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  1. historianmichael

    Duck Creek Formation Shark Tooth

    Over the weekend I found this tiny (~3mm) shark tooth on a loose rock at a site exposing the Duck Creek Formation (and maybe the overlying Fort Worth Limestone). I have tried to match it with the teeth in The Collector's Guide to Fossil Sharks and Rays From the Cretaceous of Texas but the closest I have been able to get is Squalicorax sp. and even that doesn't seem to quite match and the book states that Squalicorax in the Texas Albian have only been found in the Weno and Pawpaw Formations. Unfortunately it only seems like the blade of the tooth is preserved as there is a bit of a lip where th
  2. Hey everyone! I thought I'd share a few of my finds from the past couple months and get yall's opinions. Over winter break, I went back home to North Texas and did some searching around Ammonite Beach at Texoma and the NSR with my family. At Texoma I had a nice time hammering out a few ammonites, collecting teeth, and surprisingly finding lots of smaller, pyritized ammonites that I did not expect to be there. The NSR was a bit slower, but I at least got a nice Squalicorax as shown in the pics below. Since school has started, I've been down in Austin. I've been finding the usual stuff, but the
  3. EPIKLULSXDDDDD

    Leptostyrax macrorhiza

    From the album: Favorites

    Shark. Leptostyrax macrorhiza from Texoma, Duck Creek Formation. 1/8/22
  4. EPIKLULSXDDDDD

    Mortoniceras

    From the album: Favorites

    Ammonite. Mortoniceras from Texoma, Duck Creek Formation. 1/8/22
  5. Back in January I decided to check out the Ammonite Beach at Lake Texoma for the first time. The site is well known for its giant Duck Creek ammonites that can be found scattered all over the shoreline. The weather was surprisingly not that bad despite it being the winter. The water level was quite low and there was plenty of good ground to search along. During my time there, I had some success in finding my own ammonites which gave me an excuse to finally put my rock hammer to use. I stumbled upon some echinoids, but none of them were in all that great of condition, so I might need to head ba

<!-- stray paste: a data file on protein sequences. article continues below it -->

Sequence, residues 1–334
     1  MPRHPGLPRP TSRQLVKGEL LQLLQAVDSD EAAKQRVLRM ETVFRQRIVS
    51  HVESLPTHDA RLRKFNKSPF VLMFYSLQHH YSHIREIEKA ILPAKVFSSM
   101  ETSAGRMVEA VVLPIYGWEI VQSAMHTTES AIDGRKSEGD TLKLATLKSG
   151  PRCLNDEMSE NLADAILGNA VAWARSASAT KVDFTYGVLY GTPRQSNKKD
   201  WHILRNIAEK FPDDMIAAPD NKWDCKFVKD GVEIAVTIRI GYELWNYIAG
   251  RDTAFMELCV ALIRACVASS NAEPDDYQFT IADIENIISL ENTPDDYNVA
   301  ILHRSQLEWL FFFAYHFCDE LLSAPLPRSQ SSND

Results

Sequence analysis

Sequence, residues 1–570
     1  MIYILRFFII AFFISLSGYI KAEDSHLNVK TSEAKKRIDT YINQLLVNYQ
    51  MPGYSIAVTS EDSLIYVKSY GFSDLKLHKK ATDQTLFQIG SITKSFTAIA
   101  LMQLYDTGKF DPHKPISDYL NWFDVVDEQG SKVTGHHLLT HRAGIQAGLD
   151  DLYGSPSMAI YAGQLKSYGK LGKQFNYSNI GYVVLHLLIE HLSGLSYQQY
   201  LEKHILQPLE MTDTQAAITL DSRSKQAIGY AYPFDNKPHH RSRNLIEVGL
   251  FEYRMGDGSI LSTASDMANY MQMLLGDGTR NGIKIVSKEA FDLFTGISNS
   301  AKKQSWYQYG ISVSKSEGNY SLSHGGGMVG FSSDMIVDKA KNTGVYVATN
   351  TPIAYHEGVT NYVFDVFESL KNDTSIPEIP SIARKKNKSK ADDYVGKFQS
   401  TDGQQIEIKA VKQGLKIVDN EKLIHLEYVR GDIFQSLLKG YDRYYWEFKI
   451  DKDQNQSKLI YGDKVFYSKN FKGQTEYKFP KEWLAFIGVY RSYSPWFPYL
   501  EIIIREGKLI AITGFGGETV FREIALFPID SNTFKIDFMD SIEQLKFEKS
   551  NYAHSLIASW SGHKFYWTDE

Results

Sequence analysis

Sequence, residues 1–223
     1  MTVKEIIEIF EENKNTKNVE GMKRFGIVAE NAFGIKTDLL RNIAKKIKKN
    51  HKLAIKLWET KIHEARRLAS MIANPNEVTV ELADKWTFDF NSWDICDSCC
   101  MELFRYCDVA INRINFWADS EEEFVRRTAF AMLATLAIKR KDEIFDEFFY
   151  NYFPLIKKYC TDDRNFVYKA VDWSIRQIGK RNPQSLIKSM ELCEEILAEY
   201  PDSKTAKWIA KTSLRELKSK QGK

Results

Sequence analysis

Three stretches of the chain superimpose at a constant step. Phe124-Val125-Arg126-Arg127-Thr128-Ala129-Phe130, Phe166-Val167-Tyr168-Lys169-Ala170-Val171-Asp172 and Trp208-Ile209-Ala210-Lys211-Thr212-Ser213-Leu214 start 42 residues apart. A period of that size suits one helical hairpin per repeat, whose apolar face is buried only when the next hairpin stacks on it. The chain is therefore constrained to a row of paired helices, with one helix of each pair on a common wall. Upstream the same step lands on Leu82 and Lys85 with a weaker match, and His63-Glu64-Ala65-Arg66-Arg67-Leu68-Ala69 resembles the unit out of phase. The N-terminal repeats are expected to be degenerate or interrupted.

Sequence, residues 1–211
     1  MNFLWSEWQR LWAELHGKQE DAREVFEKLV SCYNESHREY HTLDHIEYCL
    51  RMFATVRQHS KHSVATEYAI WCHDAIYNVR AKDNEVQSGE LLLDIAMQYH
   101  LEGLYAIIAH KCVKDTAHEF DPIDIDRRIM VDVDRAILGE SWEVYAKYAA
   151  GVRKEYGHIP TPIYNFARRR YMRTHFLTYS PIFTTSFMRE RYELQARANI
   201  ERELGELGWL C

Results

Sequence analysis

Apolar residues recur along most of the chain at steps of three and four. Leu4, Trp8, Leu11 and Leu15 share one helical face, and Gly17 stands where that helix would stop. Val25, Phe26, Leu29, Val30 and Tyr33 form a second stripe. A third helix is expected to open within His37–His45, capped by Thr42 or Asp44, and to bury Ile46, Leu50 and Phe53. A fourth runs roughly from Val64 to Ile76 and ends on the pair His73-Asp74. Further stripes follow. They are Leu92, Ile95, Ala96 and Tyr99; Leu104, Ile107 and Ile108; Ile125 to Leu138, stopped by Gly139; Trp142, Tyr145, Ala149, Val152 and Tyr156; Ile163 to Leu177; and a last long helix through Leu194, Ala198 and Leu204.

6. OK, I missed the Fossil Friday post by a day. The cold weather lately has kept me indoors and away from fossil exploration, so here is a partial prep of a partial ammonite from the Lake Texhoma Duck creek fm. Prepping something no true separation of "fossil" and matrix is quite challenging, especially considering how well they can, at times, weather out and become separated naturally. The matrix seems to be getting harder to separate as I move toward smaller sections. I can make out that this does have the inner whorls , so I dont want to blow them out. This has really slowed me down on t
  7. hadrosauridae

    Texas-sized ammonites

    Happy Fossil Friday everyone! In today's video offering, I sneak across the border into Texas to hunt for those Texas-sized ammonites, and I met another YouTuber on the way.
  8. hadrosauridae

    Video of Lake Texoma hunt

    Fossil Friday! Today's FF video post is from Lake Texoma. We made our first ever trip to lake Texoma to search the duck creek formation for ammonites. After much research and planning, we arrived to find we could not access the locations we wanted, so we ended up scouting around. It turned out well and we found some great fossils including ammonites, oysters, clams and echinoids.